So if Vietnam allows just an experiment, at a low level, they too might be pleasantly surprised.
In China, however, even though the concept of voting has spread everywhere, the government is so caught up in the fear that they may not be able to learn the easy way.
Very interesting comment. Thanks.
I think John F'in Kerry will be for them, before he goes against them.
You almost sound like you have been there. If VN announced free elections for a parliament and president to take place in 6 months, yes, the current crowd would probably mostly still be in power but they would be in a new situation and would find that they would have to be responsive to the voters rather than the committees. If democracy is accompanied by extensive market rationalization and reform the corruption will subside drastically. Market reform and ending government interference in the market is the key. Divesting the banks, if it is real and not just for show, is a major first step.
I did it as a joke.
So did I. ;)
If Vietnam were so bold as to create a six month plan, I would not expect it to succeed. The revolutionary democracy you propose would most likely only take root in a country utterly devastated, like Iraq. Otherwise, the people would likely not support it.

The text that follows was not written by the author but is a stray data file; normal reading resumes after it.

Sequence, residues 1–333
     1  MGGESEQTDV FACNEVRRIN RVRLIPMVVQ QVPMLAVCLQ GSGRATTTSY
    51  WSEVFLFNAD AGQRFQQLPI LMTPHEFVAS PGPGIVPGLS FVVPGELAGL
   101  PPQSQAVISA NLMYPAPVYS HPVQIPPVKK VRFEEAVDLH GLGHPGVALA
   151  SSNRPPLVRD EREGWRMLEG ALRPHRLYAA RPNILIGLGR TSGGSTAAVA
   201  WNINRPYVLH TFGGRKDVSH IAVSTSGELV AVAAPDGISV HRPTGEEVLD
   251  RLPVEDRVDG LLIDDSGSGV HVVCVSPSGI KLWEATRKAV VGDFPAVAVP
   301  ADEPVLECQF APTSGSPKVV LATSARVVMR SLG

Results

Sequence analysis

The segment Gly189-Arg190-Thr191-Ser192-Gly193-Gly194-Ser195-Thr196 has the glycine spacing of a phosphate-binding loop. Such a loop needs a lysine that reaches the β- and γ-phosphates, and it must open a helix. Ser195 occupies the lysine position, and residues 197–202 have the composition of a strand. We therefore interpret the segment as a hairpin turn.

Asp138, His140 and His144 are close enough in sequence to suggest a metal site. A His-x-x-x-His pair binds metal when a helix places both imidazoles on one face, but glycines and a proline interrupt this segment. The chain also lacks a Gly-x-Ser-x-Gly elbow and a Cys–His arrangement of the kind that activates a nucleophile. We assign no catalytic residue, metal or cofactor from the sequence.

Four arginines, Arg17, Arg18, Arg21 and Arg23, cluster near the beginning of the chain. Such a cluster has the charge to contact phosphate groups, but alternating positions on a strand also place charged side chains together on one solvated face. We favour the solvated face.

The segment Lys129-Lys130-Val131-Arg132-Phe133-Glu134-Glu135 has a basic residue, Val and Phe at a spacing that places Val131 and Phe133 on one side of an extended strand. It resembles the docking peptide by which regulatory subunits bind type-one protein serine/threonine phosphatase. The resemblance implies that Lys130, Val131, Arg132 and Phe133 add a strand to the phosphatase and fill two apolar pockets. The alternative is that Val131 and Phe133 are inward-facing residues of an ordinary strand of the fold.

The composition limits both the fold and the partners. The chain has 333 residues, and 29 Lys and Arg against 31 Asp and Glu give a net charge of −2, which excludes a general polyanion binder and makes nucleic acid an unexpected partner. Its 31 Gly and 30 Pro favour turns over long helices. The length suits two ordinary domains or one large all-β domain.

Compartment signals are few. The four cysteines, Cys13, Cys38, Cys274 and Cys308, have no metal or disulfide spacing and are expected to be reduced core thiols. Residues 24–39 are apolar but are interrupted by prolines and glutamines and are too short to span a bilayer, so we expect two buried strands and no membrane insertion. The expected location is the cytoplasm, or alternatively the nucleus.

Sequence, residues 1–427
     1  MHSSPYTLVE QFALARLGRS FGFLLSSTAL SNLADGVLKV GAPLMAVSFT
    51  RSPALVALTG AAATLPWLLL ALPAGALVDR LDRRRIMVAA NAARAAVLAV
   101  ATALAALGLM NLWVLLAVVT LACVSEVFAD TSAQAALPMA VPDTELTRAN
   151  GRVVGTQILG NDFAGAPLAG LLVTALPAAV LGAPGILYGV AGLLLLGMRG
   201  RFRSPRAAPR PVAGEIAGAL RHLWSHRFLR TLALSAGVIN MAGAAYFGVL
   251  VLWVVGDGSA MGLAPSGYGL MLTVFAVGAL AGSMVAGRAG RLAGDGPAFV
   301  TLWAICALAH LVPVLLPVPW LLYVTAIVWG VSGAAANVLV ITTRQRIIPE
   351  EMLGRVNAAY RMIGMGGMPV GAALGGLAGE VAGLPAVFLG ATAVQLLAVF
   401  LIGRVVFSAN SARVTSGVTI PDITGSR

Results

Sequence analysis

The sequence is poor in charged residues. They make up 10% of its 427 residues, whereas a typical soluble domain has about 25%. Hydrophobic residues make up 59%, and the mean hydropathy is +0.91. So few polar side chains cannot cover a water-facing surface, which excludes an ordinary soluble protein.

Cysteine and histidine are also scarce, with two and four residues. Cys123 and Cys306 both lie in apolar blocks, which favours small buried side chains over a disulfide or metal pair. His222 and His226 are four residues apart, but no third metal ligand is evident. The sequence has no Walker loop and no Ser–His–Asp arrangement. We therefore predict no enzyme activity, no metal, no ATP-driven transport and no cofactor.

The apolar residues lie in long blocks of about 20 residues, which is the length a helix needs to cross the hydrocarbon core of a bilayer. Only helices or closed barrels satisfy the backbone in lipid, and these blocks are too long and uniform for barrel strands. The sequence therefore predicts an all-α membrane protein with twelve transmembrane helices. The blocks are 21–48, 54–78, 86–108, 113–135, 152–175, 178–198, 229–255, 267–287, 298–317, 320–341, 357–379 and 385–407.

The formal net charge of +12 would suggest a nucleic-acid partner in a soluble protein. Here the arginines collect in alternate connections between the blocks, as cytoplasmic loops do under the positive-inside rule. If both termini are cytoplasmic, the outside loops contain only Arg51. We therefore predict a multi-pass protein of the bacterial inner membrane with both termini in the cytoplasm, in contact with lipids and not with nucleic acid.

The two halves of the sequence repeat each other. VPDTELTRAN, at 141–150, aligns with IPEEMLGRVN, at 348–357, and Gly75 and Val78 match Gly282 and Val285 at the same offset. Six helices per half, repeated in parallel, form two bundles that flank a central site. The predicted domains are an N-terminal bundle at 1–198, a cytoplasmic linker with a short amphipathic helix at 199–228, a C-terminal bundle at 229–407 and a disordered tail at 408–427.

The assumption has to be that while change is needed, there is a strong fear of chaos and violence. This is abhored by everyone, which creates a feeling of hesitation, of inertia, against change. For this reason, small steps as confidence building measures are far more likely to result in a peaceful evolution to democracy.
Openness and the absence of corruption would take many years to develop, even after democracy.
The people are ready for major changes such as happende in Korea. Those changes were really not fundamental to the society as the market culture was already flourishing in Korea as it is in VIet Nam now with its concommitant extensive freedoms though they are not explicit and still subject to the occasional crackdown.
Fall of Democracy =
Pictures of a vietnamese Re-Education Camp
And it could all happen here.
saddle up ! looks like the seed that was planted years ago is starting to germinate.
I wonder if they'll look to the U.S. for help ?
Thanks for asking. I think you have to count me among the optimists.
Honglien Do is my wife.
ThanhPhero means "Saint Peter." It is a screen name. Although he is a yank he is smart enough to really be an Asian. I agree with him about 90%.
Our big issue now is the remaining political prisoners. Our govt has been slow to "push" the CSVN govt so there are people like Mrs Foshee still in prison after a year. I think this is unsat. You might email your elected representatives on thsi issue.
I only hope, fourty years from now, I don't have to read the following headline:
"Iraq Nervous Over Emerging Pro-Democracy Voices"
The liberals are dead bent on turning Iraq into another Vietnam. We can't let 'em.